Lizzy Shelley's Uncle Gets Life in Prison Without Parole in 5-Year-Old's Killing

Elizabeth Shelley's uncle has been charged with murdering her.
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The uncle of little Elizabeth “Lizzy” Shelley has been sentenced to life in prison with no chance of parole after admitting to sexually assaulting and killing the 5-year-old girl in his sister’s Utah home, officials said.

“Monster,” “vile,” and the “worst kind of person humanity has to offer” were some of the terms used to describe an emotionless and silent Alex Whipple, 22, during his sentencing hearing Tuesday, The Associated Press reported.

Whipple hung his head as Judge Kevin K. Allen admonished him for the unspeakable acts he committed against Lizzy, the daughter of his sister. It was her family he was staying with the night when, on May 25, he attacked and murdered his young niece.

“You will never see the light of day. You will never breathe fresh air again,” Allen said. “What you did was so abhorrent and vile that you must spend the rest of your life in prison.”

Lizzy was reported missing May 25 by her mother, Jessica Black, who said she woke to find her daughter and her brother gone. 

When Whipple was arrested that same day on unrelated charges, police said they found Lizzy’s blood on his watch and his sweatshirt. Five days later Whipple directed investigators to Lizzy’s body, which he buried under leaves and debris in the woods less than a block from her home.

A broken, bloody knife investigators said was taken from Lizzy’s home was found not far from her body.

Officials said Whipple directed them to find her remains only after prosecutors agreed to not seek the death penalty. 

“How could someone do this to their own niece,” Dejay Smith, another uncle of Lizzy’s said in court on Tuesday. “I would hope to never see a monster like him walk through this community again.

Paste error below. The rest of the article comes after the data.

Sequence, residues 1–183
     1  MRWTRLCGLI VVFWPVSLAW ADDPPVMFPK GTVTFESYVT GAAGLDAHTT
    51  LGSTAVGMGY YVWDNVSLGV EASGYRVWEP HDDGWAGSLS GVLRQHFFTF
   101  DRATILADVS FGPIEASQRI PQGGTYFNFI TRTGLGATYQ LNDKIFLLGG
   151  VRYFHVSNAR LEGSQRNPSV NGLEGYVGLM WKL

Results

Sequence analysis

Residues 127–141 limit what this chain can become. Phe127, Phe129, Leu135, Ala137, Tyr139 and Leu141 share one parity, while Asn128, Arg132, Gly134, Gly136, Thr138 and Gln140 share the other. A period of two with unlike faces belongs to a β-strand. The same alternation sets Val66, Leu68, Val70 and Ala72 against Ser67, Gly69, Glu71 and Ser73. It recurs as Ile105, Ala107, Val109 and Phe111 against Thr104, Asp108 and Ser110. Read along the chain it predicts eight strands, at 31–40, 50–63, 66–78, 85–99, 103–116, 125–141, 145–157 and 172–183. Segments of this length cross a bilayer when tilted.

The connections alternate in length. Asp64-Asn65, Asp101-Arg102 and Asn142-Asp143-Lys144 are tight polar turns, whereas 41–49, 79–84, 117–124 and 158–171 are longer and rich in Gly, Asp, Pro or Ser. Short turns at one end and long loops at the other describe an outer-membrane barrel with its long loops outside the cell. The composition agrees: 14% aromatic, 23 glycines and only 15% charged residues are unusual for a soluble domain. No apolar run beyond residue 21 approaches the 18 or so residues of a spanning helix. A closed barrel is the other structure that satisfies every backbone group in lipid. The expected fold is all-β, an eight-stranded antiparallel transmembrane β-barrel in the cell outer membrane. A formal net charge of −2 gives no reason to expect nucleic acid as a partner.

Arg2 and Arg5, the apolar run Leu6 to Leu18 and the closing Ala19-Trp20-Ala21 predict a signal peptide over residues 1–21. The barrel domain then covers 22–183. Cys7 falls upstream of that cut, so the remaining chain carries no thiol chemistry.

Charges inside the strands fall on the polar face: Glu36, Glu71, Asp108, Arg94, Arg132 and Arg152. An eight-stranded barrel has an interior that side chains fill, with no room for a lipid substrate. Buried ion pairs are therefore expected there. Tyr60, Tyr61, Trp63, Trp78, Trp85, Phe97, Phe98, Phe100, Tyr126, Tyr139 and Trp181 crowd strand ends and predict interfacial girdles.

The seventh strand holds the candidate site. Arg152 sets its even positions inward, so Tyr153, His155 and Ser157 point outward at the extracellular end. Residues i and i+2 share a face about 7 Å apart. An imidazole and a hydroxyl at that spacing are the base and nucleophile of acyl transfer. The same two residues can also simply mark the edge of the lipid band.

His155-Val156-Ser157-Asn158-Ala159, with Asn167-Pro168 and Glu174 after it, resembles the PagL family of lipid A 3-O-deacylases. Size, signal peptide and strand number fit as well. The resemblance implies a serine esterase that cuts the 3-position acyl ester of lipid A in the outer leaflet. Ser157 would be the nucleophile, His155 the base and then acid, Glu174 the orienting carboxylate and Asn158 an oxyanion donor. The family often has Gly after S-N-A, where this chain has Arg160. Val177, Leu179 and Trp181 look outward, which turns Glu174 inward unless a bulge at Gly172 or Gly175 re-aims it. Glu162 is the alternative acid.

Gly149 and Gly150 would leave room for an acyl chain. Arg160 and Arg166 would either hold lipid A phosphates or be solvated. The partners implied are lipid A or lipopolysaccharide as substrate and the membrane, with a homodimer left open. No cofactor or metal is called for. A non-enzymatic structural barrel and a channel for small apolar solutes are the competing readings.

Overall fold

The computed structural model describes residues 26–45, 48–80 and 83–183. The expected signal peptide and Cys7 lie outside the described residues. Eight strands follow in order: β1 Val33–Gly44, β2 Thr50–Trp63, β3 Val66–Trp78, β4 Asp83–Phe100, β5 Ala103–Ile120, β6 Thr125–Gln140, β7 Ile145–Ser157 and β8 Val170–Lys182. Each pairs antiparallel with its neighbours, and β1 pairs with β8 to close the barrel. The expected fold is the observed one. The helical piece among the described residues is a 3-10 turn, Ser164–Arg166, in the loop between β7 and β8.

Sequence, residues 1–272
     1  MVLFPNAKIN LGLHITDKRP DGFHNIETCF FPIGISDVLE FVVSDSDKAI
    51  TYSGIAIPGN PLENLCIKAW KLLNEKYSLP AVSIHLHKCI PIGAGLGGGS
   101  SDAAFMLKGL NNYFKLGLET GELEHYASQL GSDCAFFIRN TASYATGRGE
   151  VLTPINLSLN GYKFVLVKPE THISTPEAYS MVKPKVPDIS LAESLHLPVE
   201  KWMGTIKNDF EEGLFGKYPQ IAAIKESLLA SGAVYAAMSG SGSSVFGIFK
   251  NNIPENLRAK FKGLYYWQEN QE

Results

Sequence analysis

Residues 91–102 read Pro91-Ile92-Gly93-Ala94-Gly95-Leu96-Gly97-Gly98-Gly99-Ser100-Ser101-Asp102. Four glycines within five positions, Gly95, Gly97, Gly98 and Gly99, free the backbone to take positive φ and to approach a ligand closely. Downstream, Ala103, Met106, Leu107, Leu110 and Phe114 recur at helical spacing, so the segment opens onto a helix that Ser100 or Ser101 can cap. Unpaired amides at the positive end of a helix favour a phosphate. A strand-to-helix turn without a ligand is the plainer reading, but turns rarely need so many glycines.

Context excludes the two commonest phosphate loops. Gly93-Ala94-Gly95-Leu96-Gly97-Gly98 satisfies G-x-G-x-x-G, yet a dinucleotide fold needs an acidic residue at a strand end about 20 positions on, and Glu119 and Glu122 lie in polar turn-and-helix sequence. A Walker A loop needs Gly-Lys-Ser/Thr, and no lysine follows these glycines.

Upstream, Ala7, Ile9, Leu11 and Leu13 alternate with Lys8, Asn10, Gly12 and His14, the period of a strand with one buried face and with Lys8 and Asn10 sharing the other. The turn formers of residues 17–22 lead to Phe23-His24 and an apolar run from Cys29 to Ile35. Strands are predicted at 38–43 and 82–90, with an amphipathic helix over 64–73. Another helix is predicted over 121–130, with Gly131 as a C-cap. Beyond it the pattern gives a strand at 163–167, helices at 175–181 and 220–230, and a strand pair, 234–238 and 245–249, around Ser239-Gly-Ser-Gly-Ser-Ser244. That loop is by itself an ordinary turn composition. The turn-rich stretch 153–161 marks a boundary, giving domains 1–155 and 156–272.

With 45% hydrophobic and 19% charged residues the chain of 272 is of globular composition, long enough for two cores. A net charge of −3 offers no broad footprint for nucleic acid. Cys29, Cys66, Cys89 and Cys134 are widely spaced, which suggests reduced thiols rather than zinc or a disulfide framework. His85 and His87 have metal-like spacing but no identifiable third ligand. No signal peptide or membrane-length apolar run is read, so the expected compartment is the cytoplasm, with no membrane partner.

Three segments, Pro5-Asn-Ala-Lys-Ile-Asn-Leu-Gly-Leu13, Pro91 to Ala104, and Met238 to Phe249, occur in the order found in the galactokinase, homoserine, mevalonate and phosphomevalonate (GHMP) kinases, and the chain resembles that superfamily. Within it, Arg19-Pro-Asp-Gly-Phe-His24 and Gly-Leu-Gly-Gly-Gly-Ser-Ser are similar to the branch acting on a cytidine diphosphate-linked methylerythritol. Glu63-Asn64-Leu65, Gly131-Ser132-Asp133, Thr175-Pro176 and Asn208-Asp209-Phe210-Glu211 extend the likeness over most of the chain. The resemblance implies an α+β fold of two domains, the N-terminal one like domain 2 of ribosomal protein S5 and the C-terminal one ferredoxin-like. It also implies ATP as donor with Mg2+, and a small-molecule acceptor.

“There are few things that are more vile than your actions,” Smith said directly to Whipple. “You are the worst kind of person humanity has to offer.”

Another of Lizzy’s uncles, Zachary Black, spoke directly to Whipple, the AP reported.

“You are filth,” he said. “I hope you spend the rest of your life in a tiny box.”

Lizzy was remembered as a sweet and happy child who loved drawing, rainbows and being outdoors. She especially loved rainbow-colored butterflies, which adorned the poster that displayed her photos at the front of the courtroom. A victim advocate who worked with her family made sure a pair of rainbow-colored tennis shoes Lizzy was excited to wear to kindergarten were also in the room. 

Lizzy’s mother was not present for her brother’s sentencing. She told reporters after that she couldn’t bear to be the same room as him, instead choosing to release butterflies in honor of her daughter.

“I would give anything to be reunited with her, to hug her and hold her one more time,” she said through tears. “Our lives will never be the same. We will never forget our sweet girl and the happiness and sunshine she brought us.”

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